Summary: The same resurrection power that enabled Peter to be the man he wanted to be is available to us.

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Many of you are probably familiar with a so-called documentary titled “the Lost Tomb of Jesus” which aired on the Discovery Channel in early March. This film was produced by James Cameron, the director of the movie “Titanic” and Simcha Jacobovici, a controversial producer and director of documentary films. Using the work of statisticians, archaeologists, historians, and DNA experts, Jacobovici claims that the bones of Jesus, his mother Mary, Mary Magdalene, and some other relatives were entombed in ten ossuaries found in a cave in Jerusalem in 1980.

If those claims are in fact true, then we’re all wasting our time here this morning. Because if those are really the bones of Jesus, it means that He did not rise from the grave. And if Jesus did not rise from the grave, there is no Easter and our faith is futile. Even the Bible tells us that is the case. In his first letter to the church at Corinth, the Apostle Paul wrote these words:

And if Christ has not been raised, your faith is futile; you are still in your sins.

1 Corinthians 15:17 (NIV)

Now I could spend a lot of time sharing with you historical information and scientific data that would prove that the resurrection did indeed occur and that the claims made by Jacobovic and Cameron are based on false assumptions and bad science and are patently false. That kind of information does exist and is actually quite abundant.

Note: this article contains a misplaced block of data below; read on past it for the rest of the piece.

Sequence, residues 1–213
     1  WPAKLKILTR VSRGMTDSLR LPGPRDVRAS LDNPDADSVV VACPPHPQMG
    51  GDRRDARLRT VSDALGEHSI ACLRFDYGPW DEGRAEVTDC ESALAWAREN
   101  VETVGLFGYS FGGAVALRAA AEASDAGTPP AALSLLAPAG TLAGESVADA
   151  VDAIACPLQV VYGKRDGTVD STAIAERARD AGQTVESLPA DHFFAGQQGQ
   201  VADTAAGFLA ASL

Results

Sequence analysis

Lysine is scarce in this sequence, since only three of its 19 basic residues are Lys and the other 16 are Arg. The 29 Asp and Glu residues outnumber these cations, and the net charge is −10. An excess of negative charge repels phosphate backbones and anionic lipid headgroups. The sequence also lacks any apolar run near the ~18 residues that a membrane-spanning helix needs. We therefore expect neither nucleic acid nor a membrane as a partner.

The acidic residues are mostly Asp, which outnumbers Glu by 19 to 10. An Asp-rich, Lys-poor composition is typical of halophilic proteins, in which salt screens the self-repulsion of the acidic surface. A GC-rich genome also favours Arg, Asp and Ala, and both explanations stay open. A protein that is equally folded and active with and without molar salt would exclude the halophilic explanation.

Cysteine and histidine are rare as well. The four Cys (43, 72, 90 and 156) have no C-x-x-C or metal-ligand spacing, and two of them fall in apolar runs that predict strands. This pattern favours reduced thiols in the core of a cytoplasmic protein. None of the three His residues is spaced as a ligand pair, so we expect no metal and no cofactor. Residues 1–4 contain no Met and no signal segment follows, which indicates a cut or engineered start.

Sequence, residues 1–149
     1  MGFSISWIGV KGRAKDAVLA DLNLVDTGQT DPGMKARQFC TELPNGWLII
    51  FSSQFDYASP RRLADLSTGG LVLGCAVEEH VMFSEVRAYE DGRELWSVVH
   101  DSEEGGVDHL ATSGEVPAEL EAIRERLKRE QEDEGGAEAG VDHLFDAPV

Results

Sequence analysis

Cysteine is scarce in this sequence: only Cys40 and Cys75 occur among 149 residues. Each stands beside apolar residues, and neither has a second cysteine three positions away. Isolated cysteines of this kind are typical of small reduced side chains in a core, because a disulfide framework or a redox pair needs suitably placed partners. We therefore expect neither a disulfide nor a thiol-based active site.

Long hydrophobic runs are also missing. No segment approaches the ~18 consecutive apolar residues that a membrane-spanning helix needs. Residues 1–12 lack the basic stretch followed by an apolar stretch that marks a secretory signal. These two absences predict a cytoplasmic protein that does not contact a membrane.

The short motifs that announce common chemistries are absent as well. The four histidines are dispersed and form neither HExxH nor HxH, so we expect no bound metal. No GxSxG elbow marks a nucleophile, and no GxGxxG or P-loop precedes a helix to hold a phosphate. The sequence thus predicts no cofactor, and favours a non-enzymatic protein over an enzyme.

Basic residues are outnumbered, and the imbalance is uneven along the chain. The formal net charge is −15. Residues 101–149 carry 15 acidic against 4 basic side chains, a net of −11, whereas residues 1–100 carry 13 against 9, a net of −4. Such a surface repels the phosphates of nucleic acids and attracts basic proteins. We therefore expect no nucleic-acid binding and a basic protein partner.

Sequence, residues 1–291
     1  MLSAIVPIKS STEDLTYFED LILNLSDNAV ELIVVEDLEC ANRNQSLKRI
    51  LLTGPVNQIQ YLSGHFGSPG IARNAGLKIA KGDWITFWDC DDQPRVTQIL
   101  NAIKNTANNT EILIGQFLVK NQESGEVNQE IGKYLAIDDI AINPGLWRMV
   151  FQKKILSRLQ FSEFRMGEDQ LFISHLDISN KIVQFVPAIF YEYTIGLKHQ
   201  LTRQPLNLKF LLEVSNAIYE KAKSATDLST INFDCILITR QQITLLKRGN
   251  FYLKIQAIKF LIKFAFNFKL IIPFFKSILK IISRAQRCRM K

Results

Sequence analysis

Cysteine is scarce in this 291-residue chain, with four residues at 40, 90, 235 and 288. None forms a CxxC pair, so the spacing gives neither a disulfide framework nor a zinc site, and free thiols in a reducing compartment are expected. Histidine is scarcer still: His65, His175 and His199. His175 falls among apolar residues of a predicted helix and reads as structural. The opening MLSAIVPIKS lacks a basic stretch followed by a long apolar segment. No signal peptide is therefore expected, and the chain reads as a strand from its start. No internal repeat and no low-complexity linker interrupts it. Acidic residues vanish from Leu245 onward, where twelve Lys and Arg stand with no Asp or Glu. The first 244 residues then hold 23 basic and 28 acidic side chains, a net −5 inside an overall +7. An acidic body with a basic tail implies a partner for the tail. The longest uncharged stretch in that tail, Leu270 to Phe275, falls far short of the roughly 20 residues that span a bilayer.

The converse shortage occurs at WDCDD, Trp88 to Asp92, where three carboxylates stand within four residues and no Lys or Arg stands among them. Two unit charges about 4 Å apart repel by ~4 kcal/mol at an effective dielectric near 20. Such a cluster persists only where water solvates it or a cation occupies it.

But I normally like to take a slightly different approach to Easter. I want to go beyond just looking at the fact of the resurrection and to see what difference that fact really makes to you and to me as we gather here together at Dove Mountain Park on this beautiful Easter morning. And in order to do that, I usually focus on the life of one of the followers of Jesus Christ who had his or her life radically transformed by the resurrection. If you were with us last year, you may remember that we looked at the account of Jesus calling out Mary’s name in the garden outside the empty tomb. We saw that when Jesus called Mary’s name, He confirmed the resurrection, created a new relationship and called for her response. And as a result, Mary’s life and our lives were radically changed.

This morning, I’d like to take a few minutes to look at another life that was transformed by the resurrection – the life of Peter. Most of us are at least somewhat familiar with Peter. Although he was a pretty impetuous guy, I really believe that deep down inside Peter wanted to follow Jesus with all his heart. But time after time we see Peter being unable to act in a manner that was consistent with his words and his expressed desires. But, as we’ll see this morning, the resurrection changed all that.


Peter, along with James and John had the privilege of many intimate encounters with Jesus that even the other nine apostles didn’t get to experience. For instance, only the three of them were allowed into the room when Jesus raised the daughter of the synagogue ruler back to life. And only the three were present at the transfiguration. And yet, even with the privilege of spending three years of his life with Jesus, we find that Peter, in spite of his best intentions, just couldn’t be the man he wanted to be. At least not until after the resurrection.

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